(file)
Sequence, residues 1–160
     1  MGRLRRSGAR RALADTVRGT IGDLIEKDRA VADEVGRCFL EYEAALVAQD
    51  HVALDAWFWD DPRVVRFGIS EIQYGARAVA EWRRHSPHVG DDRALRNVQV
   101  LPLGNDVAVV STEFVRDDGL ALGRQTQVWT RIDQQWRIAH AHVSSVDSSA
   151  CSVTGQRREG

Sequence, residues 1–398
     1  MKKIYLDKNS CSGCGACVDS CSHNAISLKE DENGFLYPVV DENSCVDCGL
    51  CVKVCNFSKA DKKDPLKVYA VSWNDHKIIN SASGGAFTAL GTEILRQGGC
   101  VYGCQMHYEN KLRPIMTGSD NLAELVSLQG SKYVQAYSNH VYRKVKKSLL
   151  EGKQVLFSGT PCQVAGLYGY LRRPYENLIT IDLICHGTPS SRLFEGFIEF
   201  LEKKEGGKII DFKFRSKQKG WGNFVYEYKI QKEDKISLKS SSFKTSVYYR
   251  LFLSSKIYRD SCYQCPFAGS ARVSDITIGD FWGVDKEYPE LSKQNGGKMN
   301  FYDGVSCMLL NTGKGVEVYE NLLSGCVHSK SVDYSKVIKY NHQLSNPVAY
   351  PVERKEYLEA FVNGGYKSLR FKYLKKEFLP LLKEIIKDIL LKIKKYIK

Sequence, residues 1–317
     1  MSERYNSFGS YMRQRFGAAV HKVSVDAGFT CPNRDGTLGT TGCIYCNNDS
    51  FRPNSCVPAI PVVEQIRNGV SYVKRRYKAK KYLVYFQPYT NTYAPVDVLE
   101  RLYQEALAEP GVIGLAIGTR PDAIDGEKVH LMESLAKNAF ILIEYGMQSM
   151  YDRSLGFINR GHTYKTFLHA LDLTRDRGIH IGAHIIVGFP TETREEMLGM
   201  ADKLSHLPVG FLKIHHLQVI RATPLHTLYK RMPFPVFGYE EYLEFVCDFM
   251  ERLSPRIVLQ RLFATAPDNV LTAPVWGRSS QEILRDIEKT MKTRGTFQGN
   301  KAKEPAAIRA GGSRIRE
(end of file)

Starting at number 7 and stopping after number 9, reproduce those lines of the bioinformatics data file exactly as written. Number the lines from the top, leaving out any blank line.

     1  MKKIYLDKNS CSGCGACVDS CSHNAISLKE DENGFLYPVV DENSCVDCGL
    51  CVKVCNFSKA DKKDPLKVYA VSWNDHKIIN SASGGAFTAL GTEILRQGGC
   101  VYGCQMHYEN KLRPIMTGSD NLAELVSLQG SKYVQAYSNH VYRKVKKSLL